You’ve got to love a blog that’s titled Coming Up Millhouse, especially when the “about” section begins with a Homer J. Simpson quote: “Maybe, just once, someone will call me ‘sir’ without adding, ‘you’re making a scene’.” And especially when the blogger posts an entry on “Reading The Classics – ‘Rabbit, Run’.”
“In 2019, myself and a friend sat down to form a pseudo bookclub,” Derrhn writes. “Our goal: to read the classics we are yet to get round to. We started with John Updike’s debut novel, Rabbit, Run.”
“I can’t exaggerate how much I enjoyed this book,” Derrhn says. “If you’ve ever read Catcher in the Rye or On the Road and felt frustrated about how the respective protagonists’ abandonment of responsibility goes unpunished, then Rabbit, Run is the book for you. Updike explicitly explores the disaster left behind when someone chooses to run away. Rabbit’s futile attempts to fill the vague sense of something missing leads to: death; loneliness; a loss of religion; and sexual impotence. In many ways the book reads as a direct confrontation of the hypocrisy inherent in the burgeoning hippie counter-culture of 1960s America.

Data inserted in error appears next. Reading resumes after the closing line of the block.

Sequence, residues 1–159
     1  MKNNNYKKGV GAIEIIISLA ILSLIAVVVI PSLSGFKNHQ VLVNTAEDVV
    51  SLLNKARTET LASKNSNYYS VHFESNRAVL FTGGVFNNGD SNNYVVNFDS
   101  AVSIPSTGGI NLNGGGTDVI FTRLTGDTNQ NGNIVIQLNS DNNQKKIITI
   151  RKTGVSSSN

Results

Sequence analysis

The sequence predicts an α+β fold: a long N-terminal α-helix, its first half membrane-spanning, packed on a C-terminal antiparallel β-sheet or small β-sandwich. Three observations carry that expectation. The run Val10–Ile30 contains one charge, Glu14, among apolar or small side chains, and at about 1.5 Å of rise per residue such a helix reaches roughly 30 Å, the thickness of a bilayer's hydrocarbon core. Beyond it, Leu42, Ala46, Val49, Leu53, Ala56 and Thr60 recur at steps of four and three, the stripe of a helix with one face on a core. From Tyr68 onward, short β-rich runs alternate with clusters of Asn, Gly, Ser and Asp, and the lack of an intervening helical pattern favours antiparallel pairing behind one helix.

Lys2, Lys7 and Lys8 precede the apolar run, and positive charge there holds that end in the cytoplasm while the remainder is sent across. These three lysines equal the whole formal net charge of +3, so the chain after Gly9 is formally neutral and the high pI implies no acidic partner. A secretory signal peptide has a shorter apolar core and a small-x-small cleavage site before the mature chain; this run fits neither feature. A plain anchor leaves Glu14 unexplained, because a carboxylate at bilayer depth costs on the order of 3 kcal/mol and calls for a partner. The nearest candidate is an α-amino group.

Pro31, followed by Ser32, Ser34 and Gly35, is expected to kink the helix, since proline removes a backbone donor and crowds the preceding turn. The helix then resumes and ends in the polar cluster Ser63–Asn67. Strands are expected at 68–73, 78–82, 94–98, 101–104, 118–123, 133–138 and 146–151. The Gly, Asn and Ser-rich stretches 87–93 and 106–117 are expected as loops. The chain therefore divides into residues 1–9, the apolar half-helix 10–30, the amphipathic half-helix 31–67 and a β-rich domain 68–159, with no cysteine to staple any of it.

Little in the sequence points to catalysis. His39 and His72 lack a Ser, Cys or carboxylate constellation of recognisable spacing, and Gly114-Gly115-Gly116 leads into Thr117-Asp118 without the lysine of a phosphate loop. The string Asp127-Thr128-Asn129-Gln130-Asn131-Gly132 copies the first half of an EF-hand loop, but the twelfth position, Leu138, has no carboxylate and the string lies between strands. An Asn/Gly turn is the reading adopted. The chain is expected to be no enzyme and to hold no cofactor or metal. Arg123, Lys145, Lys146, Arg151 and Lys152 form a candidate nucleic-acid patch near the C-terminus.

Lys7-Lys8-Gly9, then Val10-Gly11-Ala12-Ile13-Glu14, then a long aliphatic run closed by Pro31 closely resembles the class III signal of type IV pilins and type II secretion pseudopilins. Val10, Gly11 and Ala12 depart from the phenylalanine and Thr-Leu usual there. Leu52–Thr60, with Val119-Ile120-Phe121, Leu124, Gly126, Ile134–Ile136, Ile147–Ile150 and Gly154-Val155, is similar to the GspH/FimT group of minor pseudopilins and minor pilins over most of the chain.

“The pleasure of reading Rabbit, Run stems from the paradox at its heart. Harry is both ‘running’ to find something, anything that might make him feel complete whilst simultaneously running away from a truth that scares him—that his life peaked in high school.”
Well Sir, that assessment seems spot-on to us.